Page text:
Another Word For You In A Essay


“I”, “we” and “you” are often too informal in an academic text. They may be avoidable with a passive verb, but an alternative is sometimes necessary



The pronounsI, we and you (and related words like me, my, ours, ourselves, your, and yours) are frequently said to be unsuitable for academic and professional writing. The reason usually given is that this kind of English needs to sound impersonal, objective and functional, and these words prevent that because they make unnecessary references to particular people. They are suitable only when the writer or the addressee is the central topic, for example in CVs. Whatever the truth, having too many of these words in academic and professional writing is likely to make a bad impression.

The need to avoid words like I, we and you in academic and professional writing gives a broader clue about what this writing is. It is not the use of impressive terminology and long sentences (which do not meet the need that all writing has to be clear and simple), but is instead not usingcertain words and structures considered to be too informal or conversational. Hence, the first step towards achieving a suitable formal style is to know which words and structures should be avoided.

Many undesirable words are fairly obvious (e.g. slang like gonna); but some are not and are quite common in the formal writing of inexperienced academic and professional writers. Within this blog, a full list is available on the Learning Materials page under the heading “Words to Avoid in Academic Writing”, and further advice may be found in the posts 25. Conjunction Positioning,  53. “As”, “Like” and “Such As”,  57. Indirect Questions in Formal Writing,  63. Constraints on Using “the one(s)”,   67. Numbers in Spoken English, 108. Formal and Informal Wordsand 152. Agreeing and Disagreeing in Formal Contexts.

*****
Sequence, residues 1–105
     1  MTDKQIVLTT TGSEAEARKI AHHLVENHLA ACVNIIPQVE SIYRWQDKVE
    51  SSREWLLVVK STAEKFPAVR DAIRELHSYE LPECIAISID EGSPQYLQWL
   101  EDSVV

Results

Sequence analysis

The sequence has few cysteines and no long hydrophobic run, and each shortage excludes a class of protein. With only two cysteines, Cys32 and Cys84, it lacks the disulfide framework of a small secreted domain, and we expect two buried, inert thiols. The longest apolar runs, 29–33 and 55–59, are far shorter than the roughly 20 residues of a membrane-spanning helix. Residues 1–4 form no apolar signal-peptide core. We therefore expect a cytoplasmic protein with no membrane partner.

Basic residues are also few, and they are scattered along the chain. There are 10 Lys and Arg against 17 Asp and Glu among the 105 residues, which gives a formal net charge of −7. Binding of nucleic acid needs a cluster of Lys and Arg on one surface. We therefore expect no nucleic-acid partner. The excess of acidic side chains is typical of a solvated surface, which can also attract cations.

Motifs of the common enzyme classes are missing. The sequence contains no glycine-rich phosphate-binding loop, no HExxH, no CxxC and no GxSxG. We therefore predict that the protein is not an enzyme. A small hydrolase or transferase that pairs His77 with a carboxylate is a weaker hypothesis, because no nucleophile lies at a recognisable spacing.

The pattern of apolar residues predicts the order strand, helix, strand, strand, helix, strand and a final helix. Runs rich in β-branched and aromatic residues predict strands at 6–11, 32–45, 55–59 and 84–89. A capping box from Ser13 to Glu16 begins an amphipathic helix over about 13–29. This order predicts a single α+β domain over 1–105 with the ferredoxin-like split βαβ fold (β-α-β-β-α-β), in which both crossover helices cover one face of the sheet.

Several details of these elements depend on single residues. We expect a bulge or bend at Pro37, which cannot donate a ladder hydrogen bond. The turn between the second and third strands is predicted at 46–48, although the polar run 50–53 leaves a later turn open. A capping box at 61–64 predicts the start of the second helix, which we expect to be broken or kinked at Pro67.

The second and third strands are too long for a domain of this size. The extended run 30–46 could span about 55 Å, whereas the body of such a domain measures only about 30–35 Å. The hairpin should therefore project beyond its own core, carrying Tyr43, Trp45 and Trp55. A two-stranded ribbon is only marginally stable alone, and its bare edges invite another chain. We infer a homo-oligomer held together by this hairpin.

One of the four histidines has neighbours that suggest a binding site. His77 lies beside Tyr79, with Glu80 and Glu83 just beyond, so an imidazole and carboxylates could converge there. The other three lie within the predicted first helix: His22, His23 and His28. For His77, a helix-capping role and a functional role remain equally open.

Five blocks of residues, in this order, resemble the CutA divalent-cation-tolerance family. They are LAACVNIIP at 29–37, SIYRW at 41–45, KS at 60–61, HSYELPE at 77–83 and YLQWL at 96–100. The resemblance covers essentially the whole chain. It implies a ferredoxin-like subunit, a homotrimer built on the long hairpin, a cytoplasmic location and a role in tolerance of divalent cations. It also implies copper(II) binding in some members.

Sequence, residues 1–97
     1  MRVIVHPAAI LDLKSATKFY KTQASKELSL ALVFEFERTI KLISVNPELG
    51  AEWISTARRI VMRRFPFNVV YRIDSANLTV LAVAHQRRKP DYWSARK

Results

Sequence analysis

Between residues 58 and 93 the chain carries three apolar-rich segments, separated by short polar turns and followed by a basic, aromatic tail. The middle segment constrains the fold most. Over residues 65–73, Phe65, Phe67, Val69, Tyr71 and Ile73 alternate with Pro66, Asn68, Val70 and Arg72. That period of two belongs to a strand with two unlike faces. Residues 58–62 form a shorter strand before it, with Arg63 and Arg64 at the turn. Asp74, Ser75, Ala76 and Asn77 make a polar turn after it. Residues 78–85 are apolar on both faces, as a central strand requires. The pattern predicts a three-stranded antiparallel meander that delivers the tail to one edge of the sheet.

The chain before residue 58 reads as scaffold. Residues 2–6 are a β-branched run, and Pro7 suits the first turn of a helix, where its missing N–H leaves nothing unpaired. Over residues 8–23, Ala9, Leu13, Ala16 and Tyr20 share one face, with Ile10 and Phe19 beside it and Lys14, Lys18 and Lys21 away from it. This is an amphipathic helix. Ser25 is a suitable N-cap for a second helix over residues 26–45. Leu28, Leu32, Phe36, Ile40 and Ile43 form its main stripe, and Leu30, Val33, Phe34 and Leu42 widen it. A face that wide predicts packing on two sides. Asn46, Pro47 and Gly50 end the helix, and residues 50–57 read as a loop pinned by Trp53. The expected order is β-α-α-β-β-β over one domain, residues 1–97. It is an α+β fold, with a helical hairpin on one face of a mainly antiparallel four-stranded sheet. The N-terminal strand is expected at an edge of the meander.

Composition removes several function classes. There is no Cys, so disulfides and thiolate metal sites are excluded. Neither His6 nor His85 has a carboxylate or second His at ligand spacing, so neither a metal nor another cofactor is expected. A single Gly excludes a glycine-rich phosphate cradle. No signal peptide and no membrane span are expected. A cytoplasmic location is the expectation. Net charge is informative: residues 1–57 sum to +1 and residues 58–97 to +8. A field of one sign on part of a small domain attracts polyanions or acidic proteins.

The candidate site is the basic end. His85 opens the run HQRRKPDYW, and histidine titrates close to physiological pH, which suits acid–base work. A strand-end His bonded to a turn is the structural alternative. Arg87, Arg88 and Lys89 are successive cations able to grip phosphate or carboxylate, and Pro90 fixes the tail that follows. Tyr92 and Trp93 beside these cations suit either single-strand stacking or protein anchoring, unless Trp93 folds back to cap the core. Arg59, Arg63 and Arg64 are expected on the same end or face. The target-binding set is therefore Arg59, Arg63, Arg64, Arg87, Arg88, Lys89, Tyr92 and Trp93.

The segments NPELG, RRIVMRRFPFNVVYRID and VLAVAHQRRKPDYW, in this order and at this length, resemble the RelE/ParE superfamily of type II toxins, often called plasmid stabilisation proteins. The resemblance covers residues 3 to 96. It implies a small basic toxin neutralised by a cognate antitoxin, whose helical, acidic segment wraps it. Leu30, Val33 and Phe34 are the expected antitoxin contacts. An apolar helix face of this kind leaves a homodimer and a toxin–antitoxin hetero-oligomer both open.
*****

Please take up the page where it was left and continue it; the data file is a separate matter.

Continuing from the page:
In addition to knowing which words and structures to avoid, a successful academic or professional writer must be able to find suitable substitute language. This is reminiscent of the problem of paraphrasing (see 80. How to Paraphrase). Again the solution will in many cases be obvious, but sometimes give a problem. Substituting I, we and you (and their derivatives) is certainly sometimes a problem. I wish to concentrate on the difficulty that their replacement gives when they are the subject of a sentence (for some advice on how to replace informal words in other sentence positions, see 39. “Decide” or “Make a Decision?”).



Many coursebooks concentrate on one way to avoid informal subjectpronouns like I, we and you: using passive verbs. Yet in a surprisingly large number of cases a passive verb cannot replace an informal subject pronoun. The following sentences (except the first) illustrate a range of situations where avoiding I with a passive verb is not possible. One other – in CV-writing – is illustrated in the post 93. Good and Bad Lists.


(a) I will describe three main categories.

(b) I was affected in three different ways.

(c) I proceeded (a little later).

(d) I became a group member.

(e) I want first to provide some background.

(f) I enjoyed sampling the product.

(g) I will argue that prices should be higher.

(h) I believe that reading helps grammar learning.